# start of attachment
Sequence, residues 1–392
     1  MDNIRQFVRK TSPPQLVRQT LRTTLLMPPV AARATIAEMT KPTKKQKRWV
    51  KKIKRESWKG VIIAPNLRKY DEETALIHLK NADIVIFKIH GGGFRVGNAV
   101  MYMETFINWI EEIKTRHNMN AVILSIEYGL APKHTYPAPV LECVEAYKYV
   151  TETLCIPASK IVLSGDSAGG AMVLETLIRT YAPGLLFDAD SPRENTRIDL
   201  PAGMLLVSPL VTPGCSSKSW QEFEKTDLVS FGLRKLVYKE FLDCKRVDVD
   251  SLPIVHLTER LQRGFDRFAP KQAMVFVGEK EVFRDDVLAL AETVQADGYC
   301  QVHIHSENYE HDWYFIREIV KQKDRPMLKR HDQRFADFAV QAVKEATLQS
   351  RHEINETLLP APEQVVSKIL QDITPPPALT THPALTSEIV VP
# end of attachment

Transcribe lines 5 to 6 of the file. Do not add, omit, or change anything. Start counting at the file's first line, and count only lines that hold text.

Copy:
   151  TETLCIPASK IVLSGDSAGG AMVLETLIRT YAPGLLFDAD SPRENTRIDL
   201  PAGMLLVSPL VTPGCSSKSW QEFEKTDLVS FGLRKLVYKE FLDCKRVDVD